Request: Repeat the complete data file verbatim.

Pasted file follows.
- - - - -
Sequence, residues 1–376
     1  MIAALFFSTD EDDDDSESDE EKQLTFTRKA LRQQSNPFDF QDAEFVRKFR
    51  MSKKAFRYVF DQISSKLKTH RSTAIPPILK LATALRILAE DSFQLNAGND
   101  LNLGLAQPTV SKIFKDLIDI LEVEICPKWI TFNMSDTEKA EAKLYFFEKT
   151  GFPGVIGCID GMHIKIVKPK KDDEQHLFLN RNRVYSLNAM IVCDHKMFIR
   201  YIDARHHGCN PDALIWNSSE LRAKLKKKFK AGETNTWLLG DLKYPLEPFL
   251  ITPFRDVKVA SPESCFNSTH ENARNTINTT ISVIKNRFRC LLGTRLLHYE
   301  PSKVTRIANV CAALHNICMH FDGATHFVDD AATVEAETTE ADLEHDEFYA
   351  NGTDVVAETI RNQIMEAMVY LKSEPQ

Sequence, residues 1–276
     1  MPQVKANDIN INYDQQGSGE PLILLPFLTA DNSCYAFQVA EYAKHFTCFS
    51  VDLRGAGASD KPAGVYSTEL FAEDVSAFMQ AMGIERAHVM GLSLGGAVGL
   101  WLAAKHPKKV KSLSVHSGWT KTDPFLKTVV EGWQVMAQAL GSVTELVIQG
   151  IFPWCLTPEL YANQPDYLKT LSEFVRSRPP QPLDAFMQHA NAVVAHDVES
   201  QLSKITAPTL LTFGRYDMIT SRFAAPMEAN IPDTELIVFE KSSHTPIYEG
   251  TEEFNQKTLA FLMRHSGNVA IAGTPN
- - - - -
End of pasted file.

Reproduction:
Sequence, residues 1–376
     1  MIAALFFSTD EDDDDSESDE EKQLTFTRKA LRQQSNPFDF QDAEFVRKFR
    51  MSKKAFRYVF DQISSKLKTH RSTAIPPILK LATALRILAE DSFQLNAGND
   101  LNLGLAQPTV SKIFKDLIDI LEVEICPKWI TFNMSDTEKA EAKLYFFEKT
   151  GFPGVIGCID GMHIKIVKPK KDDEQHLFLN RNRVYSLNAM IVCDHKMFIR
   201  YIDARHHGCN PDALIWNSSE LRAKLKKKFK AGETNTWLLG DLKYPLEPFL
   251  ITPFRDVKVA SPESCFNSTH ENARNTINTT ISVIKNRFRC LLGTRLLHYE
   301  PSKVTRIANV CAALHNICMH FDGATHFVDD AATVEAETTE ADLEHDEFYA
   351  NGTDVVAETI RNQIMEAMVY LKSEPQ

Sequence, residues 1–276
     1  MPQVKANDIN INYDQQGSGE PLILLPFLTA DNSCYAFQVA EYAKHFTCFS
    51  VDLRGAGASD KPAGVYSTEL FAEDVSAFMQ AMGIERAHVM GLSLGGAVGL
   101  WLAAKHPKKV KSLSVHSGWT KTDPFLKTVV EGWQVMAQAL GSVTELVIQG
   151  IFPWCLTPEL YANQPDYLKT LSEFVRSRPP QPLDAFMQHA NAVVAHDVES
   201  QLSKITAPTL LTFGRYDMIT SRFAAPMEAN IPDTELIVFE KSSHTPIYEG
   251  TEEFNQKTLA FLMRHSGNVA IAGTPN